Who else should be considering one? If you have any “nuisance” areas in your home, this is the first clue that a mini-split might be right for you. We discussed some of them earlier: Garages, patios, sunrooms, home additions, guest rooms, attics, or others like this. If these rooms run hot or cold too often or don’t have ductwork running to them, they’re ideal candidates for a ductless system.
For the tech-savvy, ductless systems offer some of the most advanced technology in HVAC currently available. Using the internet of things and a little IFTTT, you can transform your home into a smart and comfortable oasis.
Related: Smart Air Conditioning: Buyers Guide
The cost savings can be immense over 12-15 years due to the equipment’s efficiency. Your comfort level will increase dramatically. Single-head units start at around $5,000 for equipment and installation, but the cost can climb from there depending on several factors, including the types of heads being installed and how many heads your system has.
Lastly, even if you’re just interested in the cooling properties of mini-splits, always consider ones that both heat and cool. The cost difference is usually minimal, and you can’t retrofit a cooling-only unit to do heating once it’s installed.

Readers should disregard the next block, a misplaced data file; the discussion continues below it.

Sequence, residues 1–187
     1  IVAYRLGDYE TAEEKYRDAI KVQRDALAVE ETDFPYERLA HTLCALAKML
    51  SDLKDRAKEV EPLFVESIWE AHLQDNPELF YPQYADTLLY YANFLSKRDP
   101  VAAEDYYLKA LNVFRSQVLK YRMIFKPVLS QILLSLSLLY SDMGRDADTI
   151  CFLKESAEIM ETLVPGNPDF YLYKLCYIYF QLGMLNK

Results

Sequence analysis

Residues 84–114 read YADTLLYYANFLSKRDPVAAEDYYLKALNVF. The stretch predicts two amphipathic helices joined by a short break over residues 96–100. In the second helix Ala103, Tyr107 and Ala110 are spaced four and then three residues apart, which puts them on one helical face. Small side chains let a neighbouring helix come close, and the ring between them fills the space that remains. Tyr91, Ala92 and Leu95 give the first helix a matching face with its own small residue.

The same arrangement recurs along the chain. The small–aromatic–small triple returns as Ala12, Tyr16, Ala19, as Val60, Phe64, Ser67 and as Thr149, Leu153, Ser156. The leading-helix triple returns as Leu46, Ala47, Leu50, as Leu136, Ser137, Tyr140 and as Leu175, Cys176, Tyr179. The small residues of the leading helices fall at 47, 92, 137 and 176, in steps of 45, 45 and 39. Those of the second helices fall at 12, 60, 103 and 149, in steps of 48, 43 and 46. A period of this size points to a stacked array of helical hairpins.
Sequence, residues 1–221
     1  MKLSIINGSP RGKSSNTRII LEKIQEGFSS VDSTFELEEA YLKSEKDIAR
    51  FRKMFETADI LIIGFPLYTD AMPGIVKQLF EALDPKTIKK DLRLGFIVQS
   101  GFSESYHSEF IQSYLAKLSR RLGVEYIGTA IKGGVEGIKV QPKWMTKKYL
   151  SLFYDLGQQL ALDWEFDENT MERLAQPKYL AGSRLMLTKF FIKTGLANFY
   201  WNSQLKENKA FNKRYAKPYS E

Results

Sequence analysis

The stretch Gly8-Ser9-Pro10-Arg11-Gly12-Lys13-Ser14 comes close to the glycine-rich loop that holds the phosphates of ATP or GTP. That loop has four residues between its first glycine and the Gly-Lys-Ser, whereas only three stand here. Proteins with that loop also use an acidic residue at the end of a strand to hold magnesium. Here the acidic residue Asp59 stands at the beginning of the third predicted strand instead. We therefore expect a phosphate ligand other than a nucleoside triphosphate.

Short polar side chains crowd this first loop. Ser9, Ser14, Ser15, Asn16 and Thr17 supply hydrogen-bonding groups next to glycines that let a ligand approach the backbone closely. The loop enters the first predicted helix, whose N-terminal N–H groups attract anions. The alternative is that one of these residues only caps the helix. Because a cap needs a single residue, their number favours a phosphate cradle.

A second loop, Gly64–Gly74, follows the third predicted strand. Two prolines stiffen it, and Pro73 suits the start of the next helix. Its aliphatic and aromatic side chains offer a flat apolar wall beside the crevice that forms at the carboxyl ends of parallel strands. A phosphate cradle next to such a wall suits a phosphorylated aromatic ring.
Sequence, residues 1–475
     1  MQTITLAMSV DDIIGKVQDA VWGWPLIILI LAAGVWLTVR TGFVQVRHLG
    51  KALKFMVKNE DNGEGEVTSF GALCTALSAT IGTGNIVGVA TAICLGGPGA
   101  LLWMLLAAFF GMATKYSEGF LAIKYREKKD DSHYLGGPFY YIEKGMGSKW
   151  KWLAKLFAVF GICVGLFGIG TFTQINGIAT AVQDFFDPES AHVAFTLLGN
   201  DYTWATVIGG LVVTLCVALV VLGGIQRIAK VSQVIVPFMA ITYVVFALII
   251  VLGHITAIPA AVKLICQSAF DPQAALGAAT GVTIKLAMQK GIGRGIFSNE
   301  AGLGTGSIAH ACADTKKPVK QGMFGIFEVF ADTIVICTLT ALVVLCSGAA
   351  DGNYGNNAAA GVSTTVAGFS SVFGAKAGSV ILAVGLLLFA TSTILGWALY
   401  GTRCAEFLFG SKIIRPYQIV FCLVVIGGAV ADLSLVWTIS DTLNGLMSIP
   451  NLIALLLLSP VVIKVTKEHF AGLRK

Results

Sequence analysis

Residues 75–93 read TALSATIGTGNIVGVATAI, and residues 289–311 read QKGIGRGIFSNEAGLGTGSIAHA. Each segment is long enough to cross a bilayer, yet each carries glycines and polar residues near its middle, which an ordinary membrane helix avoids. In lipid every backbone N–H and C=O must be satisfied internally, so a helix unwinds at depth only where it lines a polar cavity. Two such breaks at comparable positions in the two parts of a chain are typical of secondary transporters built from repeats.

If you’re interested in a mini-split or not sure if you’d be a good candidate for one, give us a call or click the button below to schedule your free consultation. Our expert estimators will help you find the best possible solution for you.
ABOUT SPURK HVAC
Spurk HVAC was formed in 2018 and is located in Warrendale, Pennsylvania. We proudly serve Cranberry Twp., Wexford, Gibsonia, Mars, and the surrounding Greater Pittsburgh area.
We service all makes and models. If you are seeking a heating repair, heating system replacement, air conditioner repair, air conditioning maintenance, air conditioning replacement, or any other heating & cooling services. Whether you are looking for residential or commercial HVAC services, we look forward to any and all opportunities to become your preferred HVAC contractor.